|Insertion||Inferior margins of tenth to twelfth ribs and adjacent costal cartilages|
Pectineal line of the pubis (pecten pubis)
|Action||Lateral flexion of the torso (unilateral contraction)|
Rotation of the torso (unilateral contraction)
Flexion of the torso (bilateral contraction)
Can assist in increasing intraabdominal pressure
|Nerve||Anterior rami of intercostal nerves (T7-T11)|
Subcostal nerve (T12)
Iliohypogastric nerve (L1)
Ilioinguinal nerve (L1)
|Artery||Lower posterior intercostal arteries and subcostal arteries|
Superior and inferior epigastric arteries
Superficial and deep circumflex arteries
Posterior lumbar arteries
Location & Overview
The internal oblique muscle is located deep to the external oblique muscle and superficial to the transversus abdominis muscle (i.e located between these two muscle). Its fibers are obliquely oriented hence the name. The internal oblique is much thinner and smaller than the external oblique and much like the external oblique it is a flat and sheet like shape which wraps around the abdomen. The internal oblique is one if the five abdominal muscles. The other four are: the external oblique, rectus abdominis, transversus abdominis and the pyramidalis   .
Origin & Insertion
The internal oblique originates from the thoracolumbar fascia, iliac crest, and the lateral two thirds of the inguinal ligament. Its fibers run in a superomedial direction and as they near the midline, they form an aponeurosis. This aponeurosis then inserts at the linea alba. The superior aspect of the internal oblique inserts onto the inferior borders of the tenth to twelfth ribs. Inferiorly the internal oblique inserts at the pectineal line of the pubis (also known as the pectin pubis)   .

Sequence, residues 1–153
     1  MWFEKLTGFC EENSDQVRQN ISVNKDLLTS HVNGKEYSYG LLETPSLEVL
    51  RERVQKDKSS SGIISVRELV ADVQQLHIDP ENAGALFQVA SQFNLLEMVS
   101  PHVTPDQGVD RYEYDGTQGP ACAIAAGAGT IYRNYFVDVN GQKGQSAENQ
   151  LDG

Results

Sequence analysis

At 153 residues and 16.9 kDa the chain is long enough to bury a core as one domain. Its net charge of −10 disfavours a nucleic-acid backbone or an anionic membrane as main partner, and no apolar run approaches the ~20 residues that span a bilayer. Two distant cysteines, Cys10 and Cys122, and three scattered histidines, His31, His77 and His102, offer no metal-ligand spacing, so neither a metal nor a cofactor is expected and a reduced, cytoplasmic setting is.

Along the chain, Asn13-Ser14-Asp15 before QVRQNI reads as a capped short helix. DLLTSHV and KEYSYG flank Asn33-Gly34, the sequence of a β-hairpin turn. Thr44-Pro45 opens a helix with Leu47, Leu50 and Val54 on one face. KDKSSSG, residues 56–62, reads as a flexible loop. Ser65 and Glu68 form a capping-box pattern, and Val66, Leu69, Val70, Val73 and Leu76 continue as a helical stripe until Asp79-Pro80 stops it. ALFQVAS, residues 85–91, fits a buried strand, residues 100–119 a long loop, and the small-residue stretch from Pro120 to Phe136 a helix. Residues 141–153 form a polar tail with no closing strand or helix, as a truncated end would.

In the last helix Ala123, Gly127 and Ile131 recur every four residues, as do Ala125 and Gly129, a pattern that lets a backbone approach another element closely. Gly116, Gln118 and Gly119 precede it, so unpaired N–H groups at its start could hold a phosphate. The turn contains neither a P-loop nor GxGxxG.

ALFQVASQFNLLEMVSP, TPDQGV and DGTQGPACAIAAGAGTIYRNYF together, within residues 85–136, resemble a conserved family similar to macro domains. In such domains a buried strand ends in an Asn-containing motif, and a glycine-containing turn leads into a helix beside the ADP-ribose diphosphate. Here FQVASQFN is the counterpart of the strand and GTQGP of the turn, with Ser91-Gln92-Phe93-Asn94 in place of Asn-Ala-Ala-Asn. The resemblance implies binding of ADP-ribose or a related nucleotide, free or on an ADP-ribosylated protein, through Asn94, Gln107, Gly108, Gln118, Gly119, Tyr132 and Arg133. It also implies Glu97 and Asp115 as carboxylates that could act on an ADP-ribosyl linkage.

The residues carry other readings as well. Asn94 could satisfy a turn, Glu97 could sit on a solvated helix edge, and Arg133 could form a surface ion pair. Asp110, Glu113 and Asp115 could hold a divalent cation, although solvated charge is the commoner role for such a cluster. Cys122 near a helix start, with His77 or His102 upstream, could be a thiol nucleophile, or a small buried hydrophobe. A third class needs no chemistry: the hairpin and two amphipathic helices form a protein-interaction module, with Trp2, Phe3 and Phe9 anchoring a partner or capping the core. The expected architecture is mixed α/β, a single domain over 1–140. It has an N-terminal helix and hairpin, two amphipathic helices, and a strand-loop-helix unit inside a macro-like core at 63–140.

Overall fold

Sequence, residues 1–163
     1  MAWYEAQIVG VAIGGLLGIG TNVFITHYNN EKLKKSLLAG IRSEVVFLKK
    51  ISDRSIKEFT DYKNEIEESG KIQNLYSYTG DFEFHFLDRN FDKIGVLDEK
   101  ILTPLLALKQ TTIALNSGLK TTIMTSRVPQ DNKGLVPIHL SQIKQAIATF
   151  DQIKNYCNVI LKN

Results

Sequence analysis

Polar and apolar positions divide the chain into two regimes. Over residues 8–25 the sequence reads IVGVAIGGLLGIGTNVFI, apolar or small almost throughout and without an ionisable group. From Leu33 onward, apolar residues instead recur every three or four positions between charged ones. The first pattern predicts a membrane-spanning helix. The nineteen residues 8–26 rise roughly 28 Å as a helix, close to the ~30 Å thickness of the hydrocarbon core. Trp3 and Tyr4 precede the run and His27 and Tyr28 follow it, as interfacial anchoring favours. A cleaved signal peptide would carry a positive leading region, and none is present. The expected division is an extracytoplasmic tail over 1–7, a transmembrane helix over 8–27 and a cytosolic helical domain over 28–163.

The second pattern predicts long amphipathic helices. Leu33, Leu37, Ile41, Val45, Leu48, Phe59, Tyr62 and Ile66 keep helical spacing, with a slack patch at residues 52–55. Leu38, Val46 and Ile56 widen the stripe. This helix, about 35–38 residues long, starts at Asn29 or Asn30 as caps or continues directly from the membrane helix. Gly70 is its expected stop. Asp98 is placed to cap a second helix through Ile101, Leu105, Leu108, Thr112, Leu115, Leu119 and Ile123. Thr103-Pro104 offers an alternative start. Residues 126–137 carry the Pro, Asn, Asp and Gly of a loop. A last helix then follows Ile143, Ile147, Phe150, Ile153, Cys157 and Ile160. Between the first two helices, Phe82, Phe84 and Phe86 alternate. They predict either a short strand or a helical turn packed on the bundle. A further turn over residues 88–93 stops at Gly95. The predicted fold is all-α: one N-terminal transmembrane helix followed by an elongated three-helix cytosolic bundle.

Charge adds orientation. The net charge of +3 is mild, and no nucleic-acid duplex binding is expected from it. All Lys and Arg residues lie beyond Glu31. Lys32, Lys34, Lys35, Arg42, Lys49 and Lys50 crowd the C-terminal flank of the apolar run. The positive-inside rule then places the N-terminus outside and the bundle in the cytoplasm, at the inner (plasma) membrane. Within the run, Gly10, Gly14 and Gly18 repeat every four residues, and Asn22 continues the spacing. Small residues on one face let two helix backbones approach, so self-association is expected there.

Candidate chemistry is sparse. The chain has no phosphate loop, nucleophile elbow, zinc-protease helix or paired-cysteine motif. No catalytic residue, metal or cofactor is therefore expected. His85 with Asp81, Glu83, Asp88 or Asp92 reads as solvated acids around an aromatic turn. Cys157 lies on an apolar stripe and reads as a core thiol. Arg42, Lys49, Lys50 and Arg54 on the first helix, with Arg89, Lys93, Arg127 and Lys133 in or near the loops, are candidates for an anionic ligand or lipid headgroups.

When acting with the external oblique, the internal oblique is able to cause flexion, rotation and lateral flexion of the vertebral column. These movements are dependant on if just one side contracts (unilateral contraction) or if both sides contract together (bilateral contraction). Unilateral contraction will result in lateral flexion and rotation of the torso. Bilateral contraction will result in flexion of the torso in an anterior direction. The internal oblique can also work together with other abdominal muscles to increase intrabdominal pressure  .
Blood is supplied to the internal oblique muscle via the lower posterior intercostal arteries and subcostal arteries, superior and inferior epigastric arteries, superficial and deep circumflex arteries, and the posterior lumbar arteries  .
Want some flashcards to help you remember this information? Then click the link below:
Internal Oblique Flashcards
|↑1, ↑4, ↑7||Flynn W, Vickerton P. Anatomy, Abdomen and Pelvis, Abdominal Wall. [Updated 2021 Jul 31]. In: StatPearls [Internet]. Treasure Island (FL): StatPearls Publishing; 2022 Jan-. Available from: https://www.ncbi.nlm.nih.gov/books/NBK551649/|
|↑2, ↑5, ↑9, ↑11||Varacallo M, Scharbach S, Al-Dhahir MA. Anatomy, Anterolateral Abdominal Wall Muscles. [Updated 2021 Jul 31]. In: StatPearls [Internet]. Treasure Island (FL): StatPearls Publishing; 2022 Jan-. Available from: https://www.ncbi.nlm.nih.gov/books/NBK470334/|
|↑3, ↑6, ↑8||Moore KL, Agur AMR, Dalley AF. Clinically Oriented Anatomy. 8th ed. Philadelphia: Lippincot Williams & Wilkins; 2017|
|↑10, ↑12||Seeras K, Qasawa RN, Ju R, et al. Anatomy, Abdomen and Pelvis, Anterolateral Abdominal Wall. [Updated 2021 Jul 26]. In: StatPearls [Internet]. Treasure Island (FL): StatPearls Publishing; 2022 Jan-. Available from: https://www.ncbi.nlm.nih.gov/books/NBK525975/|